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The Complete Guide to Earning Passive Income With Crypto

If you talk about the cryptocurrency market, the last thing that comes into your mind is words like “safe”, “slow and steady income”, “low risk”, and so on.

Also, if you see someone talking about a safe and passive income on the internet, the word “scam” should be the first thing coming to your head.

Unfortunately, only a handful of people who enter the crypto markets take their time from trying to make millions on meme dog coins, which is a shame.

If you are a frequent visitor of this blog, you probably know that I focus on day trading most of my time, but when I trade, I only need a small % of my capital to dedicate to a single trade.

So what can you do with the money you necessarily don’t need right now, and you don’t want them to rot on your bank account where they will de-evaluate anyway?

This is what we are going to explore in this article.

If you like this article, read the rest of the blog or join the Tradingriot Bootcamp for a comprehensive video course, access to private discord and regular updates.

For those looking for crypto exchange, you can trade with me on Bybit or Binance and save 20% on trading fees.

The Complete Guide to Earning Passive Income With Crypto

In general, there are two ways how you can think about earning passive income with crypto; the first one is delta neutral, which means that you are not affected by moves of underlying assets, or if you are a believer in crypto, you can remain your directional exposure. Still, you also have to keep the directional risks of that in mind.

Cons of earning passive income with crypto

Every time you take your hard-earned money from under the pillow and move it somewhere, you are facing a third party risk.

If you have money in the bank, the bank’s probability of getting hacked or disappearing with all the funds is almost none.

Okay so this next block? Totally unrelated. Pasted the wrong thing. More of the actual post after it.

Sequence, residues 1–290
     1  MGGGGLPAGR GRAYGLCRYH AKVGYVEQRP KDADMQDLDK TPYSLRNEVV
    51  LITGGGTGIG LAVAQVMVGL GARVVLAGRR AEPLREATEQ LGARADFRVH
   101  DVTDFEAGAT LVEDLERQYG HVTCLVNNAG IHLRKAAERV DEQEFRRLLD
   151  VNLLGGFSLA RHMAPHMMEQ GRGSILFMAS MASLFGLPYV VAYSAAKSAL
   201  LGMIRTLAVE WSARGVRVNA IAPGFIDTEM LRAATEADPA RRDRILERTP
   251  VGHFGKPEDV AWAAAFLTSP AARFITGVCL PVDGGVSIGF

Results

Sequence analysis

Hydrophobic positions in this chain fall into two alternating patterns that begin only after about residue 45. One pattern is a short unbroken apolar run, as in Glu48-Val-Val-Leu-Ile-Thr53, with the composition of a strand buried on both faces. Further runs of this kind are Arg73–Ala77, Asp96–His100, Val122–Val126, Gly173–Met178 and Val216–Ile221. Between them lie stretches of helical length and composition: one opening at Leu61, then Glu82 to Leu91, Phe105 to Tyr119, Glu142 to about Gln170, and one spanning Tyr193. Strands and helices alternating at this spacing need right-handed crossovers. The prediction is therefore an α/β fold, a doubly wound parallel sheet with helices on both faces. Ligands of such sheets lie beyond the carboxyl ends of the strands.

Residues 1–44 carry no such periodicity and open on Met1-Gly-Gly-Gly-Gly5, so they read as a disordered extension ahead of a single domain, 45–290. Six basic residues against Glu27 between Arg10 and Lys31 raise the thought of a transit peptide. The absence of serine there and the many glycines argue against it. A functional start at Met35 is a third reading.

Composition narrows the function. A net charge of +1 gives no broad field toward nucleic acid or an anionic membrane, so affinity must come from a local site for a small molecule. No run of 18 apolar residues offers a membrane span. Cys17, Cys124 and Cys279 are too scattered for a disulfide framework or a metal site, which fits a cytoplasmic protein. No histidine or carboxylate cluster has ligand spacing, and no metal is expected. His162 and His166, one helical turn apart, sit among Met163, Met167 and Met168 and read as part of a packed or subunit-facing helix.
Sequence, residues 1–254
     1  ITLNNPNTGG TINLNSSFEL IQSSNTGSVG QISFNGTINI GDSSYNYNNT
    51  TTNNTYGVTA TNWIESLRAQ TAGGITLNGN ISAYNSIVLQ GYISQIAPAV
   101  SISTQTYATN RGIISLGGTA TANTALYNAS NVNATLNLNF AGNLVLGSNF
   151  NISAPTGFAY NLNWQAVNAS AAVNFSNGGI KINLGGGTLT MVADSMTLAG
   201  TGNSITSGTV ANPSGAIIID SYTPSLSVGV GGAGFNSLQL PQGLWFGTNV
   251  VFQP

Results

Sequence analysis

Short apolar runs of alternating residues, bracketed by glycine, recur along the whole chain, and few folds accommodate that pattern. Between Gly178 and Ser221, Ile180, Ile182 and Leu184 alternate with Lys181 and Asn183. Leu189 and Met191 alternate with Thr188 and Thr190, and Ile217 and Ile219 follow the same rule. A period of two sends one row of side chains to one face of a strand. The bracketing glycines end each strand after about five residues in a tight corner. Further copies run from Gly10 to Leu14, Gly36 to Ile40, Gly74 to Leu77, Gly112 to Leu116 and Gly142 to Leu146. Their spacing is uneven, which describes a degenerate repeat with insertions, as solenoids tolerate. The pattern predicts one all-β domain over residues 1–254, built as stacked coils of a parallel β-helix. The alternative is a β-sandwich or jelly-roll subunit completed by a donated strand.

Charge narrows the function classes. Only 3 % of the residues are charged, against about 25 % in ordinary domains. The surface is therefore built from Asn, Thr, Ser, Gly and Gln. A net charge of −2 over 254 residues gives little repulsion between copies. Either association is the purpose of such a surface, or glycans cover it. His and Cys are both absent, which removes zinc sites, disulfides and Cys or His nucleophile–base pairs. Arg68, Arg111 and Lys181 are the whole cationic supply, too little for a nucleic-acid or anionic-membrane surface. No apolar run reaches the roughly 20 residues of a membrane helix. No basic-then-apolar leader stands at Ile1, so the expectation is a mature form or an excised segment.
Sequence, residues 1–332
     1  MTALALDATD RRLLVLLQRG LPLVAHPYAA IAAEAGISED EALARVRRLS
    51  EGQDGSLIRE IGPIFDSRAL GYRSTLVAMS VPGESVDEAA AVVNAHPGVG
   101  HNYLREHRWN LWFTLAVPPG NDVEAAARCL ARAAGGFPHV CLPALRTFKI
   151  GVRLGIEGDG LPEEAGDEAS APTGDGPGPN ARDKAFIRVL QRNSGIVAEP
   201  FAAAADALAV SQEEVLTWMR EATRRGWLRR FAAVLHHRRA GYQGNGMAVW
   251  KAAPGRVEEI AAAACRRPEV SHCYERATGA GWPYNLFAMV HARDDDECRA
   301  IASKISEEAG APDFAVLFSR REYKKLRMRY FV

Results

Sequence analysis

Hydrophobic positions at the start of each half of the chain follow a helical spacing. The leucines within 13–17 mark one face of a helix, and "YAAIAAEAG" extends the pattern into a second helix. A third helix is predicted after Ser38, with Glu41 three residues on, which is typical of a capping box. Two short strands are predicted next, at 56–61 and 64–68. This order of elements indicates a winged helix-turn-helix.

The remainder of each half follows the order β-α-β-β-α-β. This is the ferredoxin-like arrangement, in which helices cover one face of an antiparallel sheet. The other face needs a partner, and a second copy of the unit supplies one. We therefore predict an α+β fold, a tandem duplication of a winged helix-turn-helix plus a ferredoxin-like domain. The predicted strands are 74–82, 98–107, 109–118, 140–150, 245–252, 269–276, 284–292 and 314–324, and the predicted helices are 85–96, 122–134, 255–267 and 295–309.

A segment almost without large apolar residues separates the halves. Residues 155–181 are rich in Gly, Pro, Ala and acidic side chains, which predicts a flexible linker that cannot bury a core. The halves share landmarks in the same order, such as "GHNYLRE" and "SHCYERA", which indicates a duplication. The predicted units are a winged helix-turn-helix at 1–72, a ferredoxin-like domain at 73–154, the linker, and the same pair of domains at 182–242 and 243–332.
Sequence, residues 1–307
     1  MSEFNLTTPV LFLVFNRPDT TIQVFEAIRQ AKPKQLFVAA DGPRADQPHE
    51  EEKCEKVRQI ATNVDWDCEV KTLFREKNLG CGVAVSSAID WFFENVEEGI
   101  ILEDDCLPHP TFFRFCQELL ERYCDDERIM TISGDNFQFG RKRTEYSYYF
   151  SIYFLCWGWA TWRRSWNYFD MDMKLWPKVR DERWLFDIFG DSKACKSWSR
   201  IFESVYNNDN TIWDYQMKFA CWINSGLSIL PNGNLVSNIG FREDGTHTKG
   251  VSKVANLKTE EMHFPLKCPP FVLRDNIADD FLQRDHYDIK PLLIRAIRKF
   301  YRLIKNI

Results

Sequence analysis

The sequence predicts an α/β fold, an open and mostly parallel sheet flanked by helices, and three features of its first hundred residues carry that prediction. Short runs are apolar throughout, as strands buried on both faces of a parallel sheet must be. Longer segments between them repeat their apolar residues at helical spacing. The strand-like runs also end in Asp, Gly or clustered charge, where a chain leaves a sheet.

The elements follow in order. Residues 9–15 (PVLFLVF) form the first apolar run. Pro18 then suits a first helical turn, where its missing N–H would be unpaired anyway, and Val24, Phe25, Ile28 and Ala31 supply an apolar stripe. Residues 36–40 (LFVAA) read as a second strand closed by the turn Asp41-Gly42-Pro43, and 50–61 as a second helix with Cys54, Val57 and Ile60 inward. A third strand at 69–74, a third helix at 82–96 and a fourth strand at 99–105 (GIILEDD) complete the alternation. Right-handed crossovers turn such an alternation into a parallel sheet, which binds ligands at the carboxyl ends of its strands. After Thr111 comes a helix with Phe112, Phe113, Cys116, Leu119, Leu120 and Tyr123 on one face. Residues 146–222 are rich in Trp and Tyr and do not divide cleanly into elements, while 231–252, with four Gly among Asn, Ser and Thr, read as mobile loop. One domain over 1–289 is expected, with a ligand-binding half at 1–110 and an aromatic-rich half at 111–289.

In crypto, these things happen quite often.

Exchange hacks or exchanges pulling exit scams are not so unique in the crypto space; because of that, you must realize you are facing quite a large counterparty risk, especially if you dip your toes to defi.

Because of that, no matter of strategy you chose, you should spread your funds across different venues.

If you decide to dedicate $50,000 to this, you should not have it resting on one exchange.

Even though you might have to sacrifice some % yields, it is still a much smarter choice to spread your money to multiple venues, so if one gets hacked or your account gets hacked, you won’t lose everything.

Although this is not an article about privacy, you should always use maximum security on your accounts, with 2FA, unique emails, passwords, use only whitelisted addresses for withdrawals and so on.

Another con is the amount of capital you need to dedicate to this if you want to see some tangible results.

If trading is not a rich quick scheme, earning passive income while being delta neutral is a prolonged process.

Percentage-wise, it depends on how risk-averse are you, but if you want to focus only on the safest ways, you are looking at around 30% yearly gains on your capital.

Which is still miles away from any saving account you get in a traditional bank.